Melt Crystallization Technology  book cover
1st Edition

Melt Crystallization Technology

ISBN 9781566761819
Published May 2, 1995 by CRC Press
400 Pages

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Book Description

From the Author's Preface

There is a growing demand for ultrapure organic compounds such as fine chemicals, pharmaceuticals, and basic materials for use in the polymer industry. . . . In quite a number of cases, it is difficult or impossible to manufacture ultrapure organics efficiently using conventional separation techniques such as distillation. Moreover, conventional techniques usually require large amounts of energy.
To improve the purification efficiency of organics, special techniques based on crystallization from the melt have been developed. Melt crystallization meets industry's need for a highly selective separation process for organic compounds which operates at low enough temperatures to prevent thermal degradation. Melt crystallization processes have the added advantage that they are energy-efficient and ecologically sound.
Melt crystallization techniques appear to be particularly promising for upgrading organic materials and are one of the few routes that appear to be feasible for purifying starter materials for high-tech polymers. The aim of this book is to provide basic information on melt crystallization technology. . . . This monograph consists of three parts: 1. basic principles, 2. process options, and 3. technical equipment and applicability.
This new book is the first unified guide and reference to an important chemical process technology. It is comprehensive and organized for easy reference. More than 150 diagrammatic representations, flow charts and photographs illustrate equipment and processes. More than 40 tables provide useful reference data.

The Author

Dr. Arkenbout studied chemistry at the University of Utrecht, and joined TNO, the Netherlands Organization for Applied Scientific Research. He has specialized in research on new separation processes and has had thirty of his articles on this subject published. He recently retired from the position of manager of physical separation research, but has remained active in this field through affiliations with the Laboratory of Solid State Chemistry at the University of Nijmegen, the Laboratory for Process Equipment, Delft University of Technology, and TNO.

Table of Contents

Preface, Notation
I. Basic Principles
1. Prospects of Melt Crystallization
General Introduction The Method of Melt Crystallization Energy Efficiency, Environmental Impact Process Options Some Alternative Techniques
2. Basic Principles in Crystallization
Introduction Crystal Structure, Morphology Crystal Growth, Mechanisms
3. Thermodynamic Limits
Solid-Liquid Equilibria Product Purity Recovery Prediction of Eutectic Compositions Prediction of Miscibility in the Solid Phase Methods to Improve Recovery Conclusions
4. Kinetic Limits
Incorporation of Impurities into Crystals Effective and Integral Distribution Coefficient Purification Efficiency in Dependence on Process Conditions Purity Attainable by One Single Crystallization Operation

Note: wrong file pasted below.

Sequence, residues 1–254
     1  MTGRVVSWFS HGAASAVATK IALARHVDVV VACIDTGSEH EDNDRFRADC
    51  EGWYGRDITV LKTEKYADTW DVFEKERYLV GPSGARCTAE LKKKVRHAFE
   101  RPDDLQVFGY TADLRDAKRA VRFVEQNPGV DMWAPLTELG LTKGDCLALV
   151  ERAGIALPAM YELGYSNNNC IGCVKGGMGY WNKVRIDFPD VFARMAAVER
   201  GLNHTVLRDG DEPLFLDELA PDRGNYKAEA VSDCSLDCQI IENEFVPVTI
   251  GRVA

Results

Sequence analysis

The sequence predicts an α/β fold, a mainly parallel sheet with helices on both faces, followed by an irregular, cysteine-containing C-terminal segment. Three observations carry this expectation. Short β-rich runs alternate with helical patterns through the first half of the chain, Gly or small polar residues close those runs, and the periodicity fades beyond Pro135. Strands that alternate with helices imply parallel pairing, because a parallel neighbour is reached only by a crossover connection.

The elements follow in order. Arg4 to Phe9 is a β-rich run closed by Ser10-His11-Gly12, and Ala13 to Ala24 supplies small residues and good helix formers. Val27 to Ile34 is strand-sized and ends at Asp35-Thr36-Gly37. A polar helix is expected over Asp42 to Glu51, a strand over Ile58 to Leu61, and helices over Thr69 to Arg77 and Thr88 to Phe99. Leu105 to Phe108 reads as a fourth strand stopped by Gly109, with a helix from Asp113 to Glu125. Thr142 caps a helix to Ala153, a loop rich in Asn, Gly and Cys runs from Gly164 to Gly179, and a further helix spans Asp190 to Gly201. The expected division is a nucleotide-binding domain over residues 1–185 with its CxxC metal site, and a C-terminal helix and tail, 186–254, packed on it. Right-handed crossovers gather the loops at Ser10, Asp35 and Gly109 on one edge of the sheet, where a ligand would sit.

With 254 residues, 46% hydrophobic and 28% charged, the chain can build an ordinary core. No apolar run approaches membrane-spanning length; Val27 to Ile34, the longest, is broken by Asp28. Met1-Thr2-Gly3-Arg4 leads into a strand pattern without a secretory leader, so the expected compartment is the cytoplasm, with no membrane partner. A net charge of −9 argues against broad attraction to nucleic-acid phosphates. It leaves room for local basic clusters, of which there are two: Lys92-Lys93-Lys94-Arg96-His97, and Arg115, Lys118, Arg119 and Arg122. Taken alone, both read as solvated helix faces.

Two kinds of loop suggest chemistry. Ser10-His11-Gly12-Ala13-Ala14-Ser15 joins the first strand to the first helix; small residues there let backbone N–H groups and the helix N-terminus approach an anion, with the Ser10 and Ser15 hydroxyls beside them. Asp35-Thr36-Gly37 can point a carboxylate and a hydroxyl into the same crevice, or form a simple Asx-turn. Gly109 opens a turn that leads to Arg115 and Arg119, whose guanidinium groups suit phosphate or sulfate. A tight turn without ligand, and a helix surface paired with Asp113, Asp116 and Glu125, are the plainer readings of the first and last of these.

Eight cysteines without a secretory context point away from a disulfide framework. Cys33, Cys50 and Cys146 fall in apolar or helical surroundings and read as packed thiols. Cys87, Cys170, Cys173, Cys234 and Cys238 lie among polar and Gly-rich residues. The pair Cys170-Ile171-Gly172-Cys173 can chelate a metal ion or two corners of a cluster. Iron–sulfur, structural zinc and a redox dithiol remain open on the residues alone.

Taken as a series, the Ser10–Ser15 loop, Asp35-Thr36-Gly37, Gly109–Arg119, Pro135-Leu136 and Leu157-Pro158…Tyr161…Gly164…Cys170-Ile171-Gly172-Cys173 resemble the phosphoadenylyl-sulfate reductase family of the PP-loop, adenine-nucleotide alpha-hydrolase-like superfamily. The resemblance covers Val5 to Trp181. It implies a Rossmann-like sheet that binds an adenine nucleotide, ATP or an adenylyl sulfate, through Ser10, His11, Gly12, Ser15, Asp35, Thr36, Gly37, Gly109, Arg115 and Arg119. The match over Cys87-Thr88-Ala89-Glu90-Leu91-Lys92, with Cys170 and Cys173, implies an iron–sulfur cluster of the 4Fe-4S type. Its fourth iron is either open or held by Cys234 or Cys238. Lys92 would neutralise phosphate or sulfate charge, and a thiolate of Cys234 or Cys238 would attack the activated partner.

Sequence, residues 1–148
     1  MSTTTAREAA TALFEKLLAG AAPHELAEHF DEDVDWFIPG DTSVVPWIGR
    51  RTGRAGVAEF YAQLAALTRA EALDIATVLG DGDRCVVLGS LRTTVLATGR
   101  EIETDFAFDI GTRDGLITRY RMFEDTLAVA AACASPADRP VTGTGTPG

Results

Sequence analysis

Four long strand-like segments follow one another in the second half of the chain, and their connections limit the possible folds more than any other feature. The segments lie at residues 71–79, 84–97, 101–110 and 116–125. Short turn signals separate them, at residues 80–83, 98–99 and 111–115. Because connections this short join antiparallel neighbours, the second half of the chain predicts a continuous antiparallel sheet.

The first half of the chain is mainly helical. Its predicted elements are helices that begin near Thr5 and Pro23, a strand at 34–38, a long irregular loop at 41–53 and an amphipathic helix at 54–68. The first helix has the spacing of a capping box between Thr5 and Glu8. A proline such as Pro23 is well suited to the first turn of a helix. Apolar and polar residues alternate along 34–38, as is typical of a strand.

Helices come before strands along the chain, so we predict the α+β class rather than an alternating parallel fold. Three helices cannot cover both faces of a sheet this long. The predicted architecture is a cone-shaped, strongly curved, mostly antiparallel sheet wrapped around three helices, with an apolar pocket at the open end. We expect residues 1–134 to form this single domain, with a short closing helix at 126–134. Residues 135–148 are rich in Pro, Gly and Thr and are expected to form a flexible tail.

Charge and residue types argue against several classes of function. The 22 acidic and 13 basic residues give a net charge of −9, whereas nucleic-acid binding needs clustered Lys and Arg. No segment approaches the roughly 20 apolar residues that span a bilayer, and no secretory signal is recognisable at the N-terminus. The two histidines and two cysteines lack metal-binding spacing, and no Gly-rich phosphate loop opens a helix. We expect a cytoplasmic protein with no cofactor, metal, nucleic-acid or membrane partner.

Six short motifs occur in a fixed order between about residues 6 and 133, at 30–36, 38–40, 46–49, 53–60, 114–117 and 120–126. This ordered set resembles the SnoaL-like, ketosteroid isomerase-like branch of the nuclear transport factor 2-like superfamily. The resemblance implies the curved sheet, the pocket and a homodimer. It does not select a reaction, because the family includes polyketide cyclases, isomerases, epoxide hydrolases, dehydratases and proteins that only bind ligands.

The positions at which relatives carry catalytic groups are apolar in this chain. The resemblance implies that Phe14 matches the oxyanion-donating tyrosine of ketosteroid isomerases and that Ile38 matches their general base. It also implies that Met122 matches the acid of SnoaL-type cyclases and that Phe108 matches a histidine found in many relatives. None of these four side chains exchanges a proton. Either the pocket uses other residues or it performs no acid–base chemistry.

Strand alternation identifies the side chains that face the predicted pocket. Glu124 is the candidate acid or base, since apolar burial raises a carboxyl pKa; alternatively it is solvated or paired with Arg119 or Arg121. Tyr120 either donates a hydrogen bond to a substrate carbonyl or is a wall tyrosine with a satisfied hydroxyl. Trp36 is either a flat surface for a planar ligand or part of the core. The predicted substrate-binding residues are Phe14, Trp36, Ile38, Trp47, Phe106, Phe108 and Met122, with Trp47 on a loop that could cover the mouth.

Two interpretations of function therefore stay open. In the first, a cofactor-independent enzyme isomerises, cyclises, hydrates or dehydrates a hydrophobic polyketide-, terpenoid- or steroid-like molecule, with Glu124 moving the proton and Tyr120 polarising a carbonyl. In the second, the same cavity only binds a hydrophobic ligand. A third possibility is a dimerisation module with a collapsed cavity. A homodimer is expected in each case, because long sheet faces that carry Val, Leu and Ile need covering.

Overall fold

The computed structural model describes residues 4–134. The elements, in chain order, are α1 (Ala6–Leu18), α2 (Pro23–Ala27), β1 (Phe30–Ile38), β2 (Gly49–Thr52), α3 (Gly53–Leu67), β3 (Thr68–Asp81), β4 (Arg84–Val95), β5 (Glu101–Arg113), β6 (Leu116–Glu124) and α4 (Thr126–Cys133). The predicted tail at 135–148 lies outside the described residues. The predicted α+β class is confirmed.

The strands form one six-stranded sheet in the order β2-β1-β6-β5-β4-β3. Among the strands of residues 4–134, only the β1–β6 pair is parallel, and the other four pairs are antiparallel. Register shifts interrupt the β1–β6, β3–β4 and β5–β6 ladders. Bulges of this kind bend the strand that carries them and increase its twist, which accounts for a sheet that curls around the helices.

5. Further Purification
Scope of Techniques Washing Sweating Recrystallization
II. Process Options
6. Layer Growth
Normal Freezing Operation Principle Multistage Operation Continuous Layer Growth
7. Suspension Growth
Growth, Kinetics Proper Crystal Size Agglomeration, Breakage Approach to Technical Crystallizer Crystallizer Configuration Crystallizer Cascades
8. Crystal-Melt Separation
The Washing Operation Countercurrent Separation Columns Based on Gravity Transport The Kureha Continuous Crystal Purifier Wash-Columns Based on Forced Transport Two-Stage Crystal-Melt Separation Comparison between the Two Types of Wash-Columns
9. On the Choice of the Process Option
Crystal Layer Processes Suspension Growth Processes Flow Diagrams for Suspension Growth Comparison between Layer and Suspension Growth
10. Melt Crystallization Feasibility
Applicability Collection of Physical Data Orientating Tests Laboratory-Scale Experiments Pilot Plant Tests Technological Study

III. Technical Equipment, Applicability

11. Technical Equipment for Crystal Layer Growth
Survey of Commercially Available Equipment Commercial Static Layer Growth Processes Commercial Dynamic Layer Growth Processes
12. Technical Equipment for Suspension Growth
Survey of Commercially Available Equipment Installations with Gravity Transport Columns Installations with Forced Transport Columns
13. Technical Applicability
Scope of Technique Para-Xylene Acetic Acid Acrylic Acid Cyclohexane para-Dichlorobenzene Maleic Anhydride Phenol Caprolactam Naphthalene para-Chloronitrobenzene 4,4-Diphenylmethanediisocyanate (MDI) Survey of Technical Applications
14. Technical Implementation of Melt Crystallization
Introduction Increase of Product Purity Increase of Recovery Replacement of Solution Crystallization by Melt Crystallization Recovery of Solvents
15. Related Fields of Application
Introduction Freeze Concentration Dry Fractionation of Fats and Fatty Acids Dewaxing of Oils Use of Wash-Columns Outside Melt Crystallization
16. Status of Development, Future Outlook

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